Back in the quaint old days of 2010, or even 2015, being viewed as the party of business was a good thing. For David Cameron or Gordon Brown or Ed Miliband, convincing the public that you were pro-business was a vital part of proving your credibility. It’s fair to say things have changed now. Central to Corbyn’s brand of leftism is distrust of big business, who are deemed ‘the few’ who take from ‘the many’ and don’t pay their fair share. Meanwhile, Boris Johnson’s famous ‘f**k business’ remark sums up an attitude of some pro-Brexit Tories who have increasingly viewed big business as a roadblock that gets in the way of the more important goal of leaving the European Union.
This trend to bash business rather than back it made yesterday interesting as all three major Party Leaders took turns to address the Confederation of British Industry (CBI) Annual Conference. First up was the Prime Minister who made a number of promises that are likely to have been popular for the audience including once again promising to reform business rates, a cut to national insurance for some employers, as well as an increase in tax credits for research and development. However, the stick to go with this carrot was a pledge to postpone cuts to corporation tax, which was due to come down to 17% from 19%, arguing that this would free up £6bn for the NHS. This was a clear indication that appealing to big business is only a partial priority for Johnson – there are more votes to be won on NHS funding than in corporation tax cuts, especially in the formerly Labour pro-Brexit towns he has his eye on.
Besides, Johnson’s main rival Jeremy Corbyn is unlikely to be a threat when it comes to the business vote. Corbyn appearing infront of the CBI is a bit like Boris Johnson giving a keynote at the Trade Union Congress. He could have said anything and would still be public enemy number one. The Labour leader tried to argue that business should back the Labour Party, citing support for a ‘green industrial revolution’ and huge infrastructure spending that would benefit the economy. But unsurprisingly, this didn’t cut it, and the CBI Director General responded scathingly to Corbyn’s ‘false instincts for mass nationalisation’ and accused him of wrongly blaming business for inequality. Ouch.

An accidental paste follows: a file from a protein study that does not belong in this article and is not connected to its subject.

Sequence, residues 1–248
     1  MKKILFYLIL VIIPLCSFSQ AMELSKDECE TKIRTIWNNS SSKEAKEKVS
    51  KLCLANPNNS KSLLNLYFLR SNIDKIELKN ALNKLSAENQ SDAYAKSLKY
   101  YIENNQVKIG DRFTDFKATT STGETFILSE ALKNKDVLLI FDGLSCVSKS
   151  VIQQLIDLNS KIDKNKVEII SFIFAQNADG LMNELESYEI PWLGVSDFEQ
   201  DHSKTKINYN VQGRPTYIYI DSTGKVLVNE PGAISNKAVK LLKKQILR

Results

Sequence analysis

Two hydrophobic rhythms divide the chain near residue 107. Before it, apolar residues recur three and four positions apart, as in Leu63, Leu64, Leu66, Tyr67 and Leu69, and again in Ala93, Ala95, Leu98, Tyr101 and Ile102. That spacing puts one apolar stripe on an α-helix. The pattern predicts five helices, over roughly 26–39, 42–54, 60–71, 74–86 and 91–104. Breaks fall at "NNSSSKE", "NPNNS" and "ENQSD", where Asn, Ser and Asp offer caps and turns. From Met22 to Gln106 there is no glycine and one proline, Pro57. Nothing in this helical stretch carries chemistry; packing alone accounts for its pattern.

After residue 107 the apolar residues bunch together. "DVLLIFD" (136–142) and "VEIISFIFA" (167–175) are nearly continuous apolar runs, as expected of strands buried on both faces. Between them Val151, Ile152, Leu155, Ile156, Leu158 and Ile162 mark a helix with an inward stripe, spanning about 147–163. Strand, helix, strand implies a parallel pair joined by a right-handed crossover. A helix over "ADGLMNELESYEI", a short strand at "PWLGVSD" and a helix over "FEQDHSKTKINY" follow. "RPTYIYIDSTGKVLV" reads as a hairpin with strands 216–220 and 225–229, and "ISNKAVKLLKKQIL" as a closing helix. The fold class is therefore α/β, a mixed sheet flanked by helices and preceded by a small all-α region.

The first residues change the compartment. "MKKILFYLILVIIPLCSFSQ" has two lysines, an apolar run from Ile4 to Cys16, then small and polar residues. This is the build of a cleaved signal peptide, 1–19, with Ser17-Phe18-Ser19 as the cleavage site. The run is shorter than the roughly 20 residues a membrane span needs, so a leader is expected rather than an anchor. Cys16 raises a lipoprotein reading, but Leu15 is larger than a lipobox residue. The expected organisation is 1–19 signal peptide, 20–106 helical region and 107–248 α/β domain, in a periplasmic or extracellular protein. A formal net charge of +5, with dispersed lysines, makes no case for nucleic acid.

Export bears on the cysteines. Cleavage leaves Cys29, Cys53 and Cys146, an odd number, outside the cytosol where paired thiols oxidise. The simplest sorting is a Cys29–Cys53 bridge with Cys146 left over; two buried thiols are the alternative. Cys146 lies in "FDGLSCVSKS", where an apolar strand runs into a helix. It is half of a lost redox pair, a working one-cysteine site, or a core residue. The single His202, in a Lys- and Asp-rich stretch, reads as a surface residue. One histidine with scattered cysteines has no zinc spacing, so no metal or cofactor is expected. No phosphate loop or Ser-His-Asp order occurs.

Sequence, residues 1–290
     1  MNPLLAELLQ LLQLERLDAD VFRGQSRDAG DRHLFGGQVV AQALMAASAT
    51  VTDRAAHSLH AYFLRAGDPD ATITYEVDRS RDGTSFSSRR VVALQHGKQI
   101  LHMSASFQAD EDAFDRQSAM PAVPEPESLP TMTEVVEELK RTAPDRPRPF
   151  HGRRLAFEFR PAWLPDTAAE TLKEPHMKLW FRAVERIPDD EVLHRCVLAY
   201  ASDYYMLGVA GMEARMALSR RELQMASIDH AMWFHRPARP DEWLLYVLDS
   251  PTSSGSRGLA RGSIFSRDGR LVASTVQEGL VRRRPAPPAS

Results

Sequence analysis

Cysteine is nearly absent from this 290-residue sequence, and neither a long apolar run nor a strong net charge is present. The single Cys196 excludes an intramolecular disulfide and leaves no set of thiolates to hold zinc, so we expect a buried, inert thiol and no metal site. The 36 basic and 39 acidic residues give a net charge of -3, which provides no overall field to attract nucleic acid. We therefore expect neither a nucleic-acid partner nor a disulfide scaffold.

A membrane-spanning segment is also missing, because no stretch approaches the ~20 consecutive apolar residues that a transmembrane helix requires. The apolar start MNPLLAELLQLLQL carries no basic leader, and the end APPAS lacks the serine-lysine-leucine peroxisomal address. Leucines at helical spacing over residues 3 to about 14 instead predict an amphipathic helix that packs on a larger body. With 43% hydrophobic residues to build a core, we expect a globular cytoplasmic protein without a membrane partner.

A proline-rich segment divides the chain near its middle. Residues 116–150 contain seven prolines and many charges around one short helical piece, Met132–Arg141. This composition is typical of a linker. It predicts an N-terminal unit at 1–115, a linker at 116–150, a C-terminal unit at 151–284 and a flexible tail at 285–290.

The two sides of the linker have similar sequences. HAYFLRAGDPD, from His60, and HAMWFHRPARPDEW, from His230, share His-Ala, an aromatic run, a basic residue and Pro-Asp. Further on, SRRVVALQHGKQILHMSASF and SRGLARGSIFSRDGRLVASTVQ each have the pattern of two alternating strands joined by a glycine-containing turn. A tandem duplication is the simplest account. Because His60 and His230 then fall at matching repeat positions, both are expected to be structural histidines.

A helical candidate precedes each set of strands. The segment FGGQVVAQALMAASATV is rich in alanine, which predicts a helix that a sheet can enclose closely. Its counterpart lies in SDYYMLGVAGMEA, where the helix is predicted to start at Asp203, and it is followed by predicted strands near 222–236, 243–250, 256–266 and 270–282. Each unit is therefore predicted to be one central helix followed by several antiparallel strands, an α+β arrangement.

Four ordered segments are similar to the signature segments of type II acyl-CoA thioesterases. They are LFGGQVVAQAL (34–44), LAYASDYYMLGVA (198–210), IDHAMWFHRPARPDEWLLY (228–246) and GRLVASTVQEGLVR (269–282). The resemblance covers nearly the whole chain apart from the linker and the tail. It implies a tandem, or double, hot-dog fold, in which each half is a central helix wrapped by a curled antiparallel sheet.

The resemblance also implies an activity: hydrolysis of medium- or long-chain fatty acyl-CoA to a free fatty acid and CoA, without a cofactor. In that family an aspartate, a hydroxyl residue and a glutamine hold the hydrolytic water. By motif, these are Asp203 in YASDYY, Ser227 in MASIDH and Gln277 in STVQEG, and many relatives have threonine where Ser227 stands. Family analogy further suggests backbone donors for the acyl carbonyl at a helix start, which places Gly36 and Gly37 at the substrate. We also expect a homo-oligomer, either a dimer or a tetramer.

If anyone could rival Johnson for the pro-business vote it is probably Jo Swinson and the Lib Dems. Afterall, Swinson has the golden blend of opposing Brexit while also not being a Marxist and in today’s madcap politics, this is a killer combo! Swinson’s speech understandably focused on Brexit, as she argued that it would be a disaster for British businesses and shot back at Boris Johnson’s claim that ‘getting Brexit done’ would be in any way beneficial. In terms of policy, Swinson announced that the Lib Dems would scrap business rates and replace them with a commercial landowner levy, which will please some, but is likely to be a case of replacing one unpopular policy with another.
This is the election of public spending promises, not of cosying up to corporations. But while the Parties may feel it’s electorally advantageous to be aloof towards business, hostile rhetoric will likely be replaced with pragmatism once a new Government is formed. Politicians need business as much as business needs politicians, and whatever the new Government looks like, that will still be the case.